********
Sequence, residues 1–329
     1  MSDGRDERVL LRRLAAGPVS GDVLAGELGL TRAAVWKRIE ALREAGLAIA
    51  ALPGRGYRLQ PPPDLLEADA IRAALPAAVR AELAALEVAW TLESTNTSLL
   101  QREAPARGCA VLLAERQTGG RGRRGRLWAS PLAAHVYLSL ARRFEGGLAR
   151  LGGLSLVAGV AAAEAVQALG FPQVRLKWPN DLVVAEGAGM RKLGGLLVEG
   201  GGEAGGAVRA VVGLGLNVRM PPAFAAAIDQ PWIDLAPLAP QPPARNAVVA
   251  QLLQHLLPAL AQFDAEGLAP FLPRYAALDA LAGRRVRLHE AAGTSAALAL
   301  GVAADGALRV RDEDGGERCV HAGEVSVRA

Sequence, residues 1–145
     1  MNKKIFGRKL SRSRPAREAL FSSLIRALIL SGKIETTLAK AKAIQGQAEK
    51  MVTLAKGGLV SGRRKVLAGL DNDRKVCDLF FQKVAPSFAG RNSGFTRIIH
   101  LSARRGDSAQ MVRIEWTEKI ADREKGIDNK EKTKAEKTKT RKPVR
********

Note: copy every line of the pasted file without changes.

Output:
Sequence, residues 1–329
     1  MSDGRDERVL LRRLAAGPVS GDVLAGELGL TRAAVWKRIE ALREAGLAIA
    51  ALPGRGYRLQ PPPDLLEADA IRAALPAAVR AELAALEVAW TLESTNTSLL
   101  QREAPARGCA VLLAERQTGG RGRRGRLWAS PLAAHVYLSL ARRFEGGLAR
   151  LGGLSLVAGV AAAEAVQALG FPQVRLKWPN DLVVAEGAGM RKLGGLLVEG
   201  GGEAGGAVRA VVGLGLNVRM PPAFAAAIDQ PWIDLAPLAP QPPARNAVVA
   251  QLLQHLLPAL AQFDAEGLAP FLPRYAALDA LAGRRVRLHE AAGTSAALAL
   301  GVAADGALRV RDEDGGERCV HAGEVSVRA

Sequence, residues 1–145
     1  MNKKIFGRKL SRSRPAREAL FSSLIRALIL SGKIETTLAK AKAIQGQAEK
    51  MVTLAKGGLV SGRRKVLAGL DNDRKVCDLF FQKVAPSFAG RNSGFTRIIH
   101  LSARRGDSAQ MVRIEWTEKI ADREKGIDNK EKTKAEKTKT RKPVR